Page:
International Competitions

Updated On: Jan 28, 2024


International competitions in physics are fantastic opportunities to broaden and expand your knowledge and perspective. Not only will you be faced with the mind-bending problems, you'll also be competing with the strongest students from all over the world. Use the table of contents below to quickly navigate the sections of this guide.

Table of Contents

Before You Start...

Keep in mind that once you qualify for an international competition, in addition to self-studying, your country will most likely host a training program (this is usually the case for Canadian national teams). If you would like more information on how to qualify for international competitions, visit our beginner guide here.

Contests and Opportunities

The competition consists of two parts. The 5-hour theoretical section, which includes 3 questions that typically have multiple parts, and the experimental section where the competitors have around 5 hours to complete one or two experimental problems in a laboratory. Not only do you have to have comprehensive theoretical knowledge of physics, but you must also have sufficient laboratory skills and experience in order to do well at IPhO. Click here to get an idea of what the experimental problems are like.  

The IOAA consists of 3 sections: theoretical, data analysis, and observation. While the theoretical section is similar to the IPhO in terms of structure, data analysis and observation are unique. Data analysis involves the utilization of statistical methods (e.g. linear regression, standard deviation) to process and graph data in conjunction with theoretical concepts, while observation tests participants on parts of the sky, such as constellations, stars, and celestial objects.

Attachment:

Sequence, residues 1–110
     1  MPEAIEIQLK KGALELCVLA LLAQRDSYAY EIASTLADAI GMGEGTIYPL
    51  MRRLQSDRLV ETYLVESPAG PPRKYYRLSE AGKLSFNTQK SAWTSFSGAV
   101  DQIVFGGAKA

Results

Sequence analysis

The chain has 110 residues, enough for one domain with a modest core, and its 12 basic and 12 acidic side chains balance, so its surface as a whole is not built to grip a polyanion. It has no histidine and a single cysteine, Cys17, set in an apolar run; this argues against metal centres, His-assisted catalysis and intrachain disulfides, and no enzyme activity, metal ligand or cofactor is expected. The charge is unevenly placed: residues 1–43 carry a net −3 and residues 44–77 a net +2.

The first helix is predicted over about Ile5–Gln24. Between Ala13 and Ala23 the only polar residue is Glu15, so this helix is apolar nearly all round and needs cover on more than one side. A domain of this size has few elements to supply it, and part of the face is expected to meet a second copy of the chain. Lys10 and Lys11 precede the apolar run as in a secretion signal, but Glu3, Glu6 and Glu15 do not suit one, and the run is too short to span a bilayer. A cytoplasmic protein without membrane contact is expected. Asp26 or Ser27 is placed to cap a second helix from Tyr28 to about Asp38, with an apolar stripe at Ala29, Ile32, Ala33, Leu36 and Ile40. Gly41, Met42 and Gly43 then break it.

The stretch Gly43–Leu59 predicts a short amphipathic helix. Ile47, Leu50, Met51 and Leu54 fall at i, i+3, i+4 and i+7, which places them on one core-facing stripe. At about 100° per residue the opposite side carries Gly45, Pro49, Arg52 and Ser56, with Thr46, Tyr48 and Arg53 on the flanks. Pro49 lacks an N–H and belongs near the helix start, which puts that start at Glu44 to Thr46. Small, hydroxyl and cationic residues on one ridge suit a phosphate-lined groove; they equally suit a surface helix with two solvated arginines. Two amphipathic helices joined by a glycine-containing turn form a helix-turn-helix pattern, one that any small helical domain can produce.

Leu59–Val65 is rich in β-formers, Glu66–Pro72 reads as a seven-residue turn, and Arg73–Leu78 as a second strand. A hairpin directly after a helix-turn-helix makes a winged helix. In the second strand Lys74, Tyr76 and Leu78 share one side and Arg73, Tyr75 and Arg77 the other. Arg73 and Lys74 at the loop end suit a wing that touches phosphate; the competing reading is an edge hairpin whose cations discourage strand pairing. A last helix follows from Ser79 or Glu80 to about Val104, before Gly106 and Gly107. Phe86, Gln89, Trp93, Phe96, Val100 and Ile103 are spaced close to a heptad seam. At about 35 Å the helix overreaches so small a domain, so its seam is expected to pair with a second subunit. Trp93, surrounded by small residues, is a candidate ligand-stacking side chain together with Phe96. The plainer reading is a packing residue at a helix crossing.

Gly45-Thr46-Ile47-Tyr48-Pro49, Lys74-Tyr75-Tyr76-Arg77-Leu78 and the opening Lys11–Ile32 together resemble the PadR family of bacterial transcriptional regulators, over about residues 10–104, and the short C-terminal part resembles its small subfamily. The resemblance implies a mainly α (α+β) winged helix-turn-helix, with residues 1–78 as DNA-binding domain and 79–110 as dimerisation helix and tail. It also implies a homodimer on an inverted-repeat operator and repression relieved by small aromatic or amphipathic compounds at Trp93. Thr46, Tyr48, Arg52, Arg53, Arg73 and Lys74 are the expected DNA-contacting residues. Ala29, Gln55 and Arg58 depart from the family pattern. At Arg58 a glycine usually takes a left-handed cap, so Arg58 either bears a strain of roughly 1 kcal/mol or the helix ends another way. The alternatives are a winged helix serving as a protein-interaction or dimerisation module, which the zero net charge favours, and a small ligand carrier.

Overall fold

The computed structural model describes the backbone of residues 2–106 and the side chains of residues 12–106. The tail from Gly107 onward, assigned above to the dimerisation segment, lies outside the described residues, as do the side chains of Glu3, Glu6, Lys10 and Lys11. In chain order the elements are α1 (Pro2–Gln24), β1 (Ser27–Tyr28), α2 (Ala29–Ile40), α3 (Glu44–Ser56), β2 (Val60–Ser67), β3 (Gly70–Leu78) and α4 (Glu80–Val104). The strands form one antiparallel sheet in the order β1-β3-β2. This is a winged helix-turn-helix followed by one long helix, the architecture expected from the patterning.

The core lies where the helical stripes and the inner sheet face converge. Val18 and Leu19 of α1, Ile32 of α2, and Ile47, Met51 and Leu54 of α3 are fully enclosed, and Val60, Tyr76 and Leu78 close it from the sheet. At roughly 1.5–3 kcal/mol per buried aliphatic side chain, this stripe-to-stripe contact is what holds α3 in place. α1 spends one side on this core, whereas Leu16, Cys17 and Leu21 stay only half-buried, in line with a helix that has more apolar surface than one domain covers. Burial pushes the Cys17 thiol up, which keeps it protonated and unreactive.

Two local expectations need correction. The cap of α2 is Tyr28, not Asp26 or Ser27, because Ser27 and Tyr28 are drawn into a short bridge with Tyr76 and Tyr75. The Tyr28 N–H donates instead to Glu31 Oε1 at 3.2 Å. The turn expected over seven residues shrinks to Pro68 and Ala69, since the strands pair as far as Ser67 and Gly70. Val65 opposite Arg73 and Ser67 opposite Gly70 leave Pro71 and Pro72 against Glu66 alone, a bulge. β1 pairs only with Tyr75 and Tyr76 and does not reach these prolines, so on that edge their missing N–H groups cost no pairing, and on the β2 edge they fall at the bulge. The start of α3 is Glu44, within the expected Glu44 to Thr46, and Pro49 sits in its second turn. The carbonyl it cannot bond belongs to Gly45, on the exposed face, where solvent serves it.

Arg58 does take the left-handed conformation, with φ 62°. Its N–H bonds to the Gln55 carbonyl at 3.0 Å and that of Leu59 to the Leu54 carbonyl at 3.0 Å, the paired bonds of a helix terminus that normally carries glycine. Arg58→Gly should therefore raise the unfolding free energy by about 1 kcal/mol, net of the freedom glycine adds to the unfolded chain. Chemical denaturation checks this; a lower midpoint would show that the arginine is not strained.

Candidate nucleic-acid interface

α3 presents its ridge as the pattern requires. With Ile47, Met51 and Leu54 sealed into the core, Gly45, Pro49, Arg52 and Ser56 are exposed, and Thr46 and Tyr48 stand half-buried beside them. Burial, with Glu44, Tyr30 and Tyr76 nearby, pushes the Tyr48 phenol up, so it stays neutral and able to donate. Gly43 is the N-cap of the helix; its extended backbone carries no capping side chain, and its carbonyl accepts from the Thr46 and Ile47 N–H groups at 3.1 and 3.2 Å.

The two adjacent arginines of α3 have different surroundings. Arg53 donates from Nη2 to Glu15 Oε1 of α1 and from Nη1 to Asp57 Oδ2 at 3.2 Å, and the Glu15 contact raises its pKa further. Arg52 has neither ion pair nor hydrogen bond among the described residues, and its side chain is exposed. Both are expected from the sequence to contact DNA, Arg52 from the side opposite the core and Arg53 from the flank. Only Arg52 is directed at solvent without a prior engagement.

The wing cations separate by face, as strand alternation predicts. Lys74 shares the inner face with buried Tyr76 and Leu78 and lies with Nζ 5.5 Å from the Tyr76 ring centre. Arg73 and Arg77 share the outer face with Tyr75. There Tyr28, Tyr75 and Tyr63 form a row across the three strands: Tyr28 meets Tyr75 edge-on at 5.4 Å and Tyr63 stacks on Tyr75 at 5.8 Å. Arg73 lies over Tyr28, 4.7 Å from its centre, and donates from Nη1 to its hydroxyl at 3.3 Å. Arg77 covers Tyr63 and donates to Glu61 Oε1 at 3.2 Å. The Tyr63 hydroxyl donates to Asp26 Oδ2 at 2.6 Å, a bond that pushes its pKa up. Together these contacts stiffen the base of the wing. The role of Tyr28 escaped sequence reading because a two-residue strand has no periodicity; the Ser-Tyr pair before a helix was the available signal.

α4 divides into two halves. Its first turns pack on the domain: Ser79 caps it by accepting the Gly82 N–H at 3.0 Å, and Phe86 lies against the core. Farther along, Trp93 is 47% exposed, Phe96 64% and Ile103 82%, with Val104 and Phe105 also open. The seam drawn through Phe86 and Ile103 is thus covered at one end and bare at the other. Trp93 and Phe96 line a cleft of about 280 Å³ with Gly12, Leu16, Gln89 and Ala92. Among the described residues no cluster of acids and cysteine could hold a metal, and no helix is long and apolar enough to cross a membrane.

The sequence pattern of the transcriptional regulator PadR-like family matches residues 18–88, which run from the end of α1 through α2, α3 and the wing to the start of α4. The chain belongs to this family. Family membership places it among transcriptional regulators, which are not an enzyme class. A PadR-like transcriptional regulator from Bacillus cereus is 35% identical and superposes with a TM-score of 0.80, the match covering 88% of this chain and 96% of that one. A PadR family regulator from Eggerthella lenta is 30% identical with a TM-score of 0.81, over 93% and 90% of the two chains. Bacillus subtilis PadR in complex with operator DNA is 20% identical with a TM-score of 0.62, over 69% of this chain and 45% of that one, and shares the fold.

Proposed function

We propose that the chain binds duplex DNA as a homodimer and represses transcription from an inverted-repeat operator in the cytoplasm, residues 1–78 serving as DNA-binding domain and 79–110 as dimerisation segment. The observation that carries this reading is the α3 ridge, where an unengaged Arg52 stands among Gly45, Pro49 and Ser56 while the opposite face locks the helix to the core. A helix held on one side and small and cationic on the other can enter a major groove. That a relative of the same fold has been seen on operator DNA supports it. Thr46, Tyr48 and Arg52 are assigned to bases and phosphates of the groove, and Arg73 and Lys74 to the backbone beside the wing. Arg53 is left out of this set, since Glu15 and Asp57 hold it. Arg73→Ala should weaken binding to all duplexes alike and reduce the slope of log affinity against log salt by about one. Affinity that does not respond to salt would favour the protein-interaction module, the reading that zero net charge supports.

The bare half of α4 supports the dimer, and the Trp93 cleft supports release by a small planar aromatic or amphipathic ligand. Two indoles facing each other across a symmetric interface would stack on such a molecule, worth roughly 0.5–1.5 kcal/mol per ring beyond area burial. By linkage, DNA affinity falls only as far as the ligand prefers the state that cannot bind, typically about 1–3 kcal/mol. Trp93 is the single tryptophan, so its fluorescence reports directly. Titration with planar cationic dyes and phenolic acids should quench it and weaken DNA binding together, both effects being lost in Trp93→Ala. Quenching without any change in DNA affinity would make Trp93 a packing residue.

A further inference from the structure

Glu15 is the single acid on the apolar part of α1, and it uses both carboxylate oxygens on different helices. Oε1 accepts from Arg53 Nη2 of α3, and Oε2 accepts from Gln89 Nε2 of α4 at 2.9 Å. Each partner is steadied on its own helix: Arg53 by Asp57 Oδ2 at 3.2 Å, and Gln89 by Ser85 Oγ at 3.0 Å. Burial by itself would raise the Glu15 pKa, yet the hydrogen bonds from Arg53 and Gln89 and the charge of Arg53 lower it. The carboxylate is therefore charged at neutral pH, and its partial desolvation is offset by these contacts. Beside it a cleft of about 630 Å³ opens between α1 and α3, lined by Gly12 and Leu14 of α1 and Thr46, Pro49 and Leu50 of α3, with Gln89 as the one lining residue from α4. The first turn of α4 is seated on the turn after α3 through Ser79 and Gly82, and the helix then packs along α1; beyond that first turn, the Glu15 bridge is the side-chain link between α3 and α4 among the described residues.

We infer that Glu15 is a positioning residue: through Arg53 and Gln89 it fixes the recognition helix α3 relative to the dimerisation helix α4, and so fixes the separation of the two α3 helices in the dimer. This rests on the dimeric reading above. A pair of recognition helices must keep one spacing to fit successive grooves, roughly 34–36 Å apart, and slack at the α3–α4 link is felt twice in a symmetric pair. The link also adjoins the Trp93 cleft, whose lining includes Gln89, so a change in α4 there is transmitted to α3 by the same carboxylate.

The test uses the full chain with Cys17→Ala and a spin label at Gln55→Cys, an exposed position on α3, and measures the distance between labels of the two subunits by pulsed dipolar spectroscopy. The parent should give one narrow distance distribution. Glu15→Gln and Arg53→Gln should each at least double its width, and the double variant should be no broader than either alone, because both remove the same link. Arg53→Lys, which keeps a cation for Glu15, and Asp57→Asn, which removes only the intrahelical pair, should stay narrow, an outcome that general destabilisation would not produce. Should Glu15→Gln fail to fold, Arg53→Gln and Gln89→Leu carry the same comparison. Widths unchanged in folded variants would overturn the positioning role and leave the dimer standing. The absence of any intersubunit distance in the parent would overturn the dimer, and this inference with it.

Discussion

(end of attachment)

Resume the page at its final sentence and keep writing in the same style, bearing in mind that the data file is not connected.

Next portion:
Unlike the IPhO or IOAA, the IYPT is a team-structured competition that culminates in a physics "debate", where teams present and evaluate their solutions. Instead of solving theoretical physics problems, participants have to design and perform experiments, and to draw conclusions argued from the experiments’ outcome. During the tournament, teams present their reports and discuss and defend their solution against an opposing team and are evaluated by an international Jury. For more information on the actual format of the tournament, see here.


IPhO Resources 

In order to qualify for IPhO and potentially achieve a medal, mastering calculus-based physics is mandatory. After doing so, completing a few subject-specific textbooks is recommended and of course, completing past IPhO problems is extremely helpful to understand the difficulty and style of questions. You will simply not have enough time to complete all of these textbooks and problem sets, so choose which areas you are weaker on or want to improve on and work on those first. 

Note: click on the book name to see where you can buy/access these books. 

Problem Sets

IOAA Resources

For the International Olympiad on Astronomy and Astrophysics, many of the same resources (such as HRK) may be used to develop preliminary knowledge in astrophysics. However, there are some unique concepts in the IOAA syllabus that are covered in astronomy-based textbooks. Particularly, the IOAA consists of 3 sections: theory, data analysis, and observation. 

Note: click on the book name to see where you can buy/access these books. 

Problem Sets

IYPT Resources 

As the IYPT is not a standard competition that is based upon a common syllabus, the questions each year vary in scope, depth, and subject area. Although it certainly isn't a bad idea to use many of the IPhO resources to develop preliminary knowledge, the problems on the IYPT require extensive research and experimentation. To get an idea of problem structure, you can find the past problems here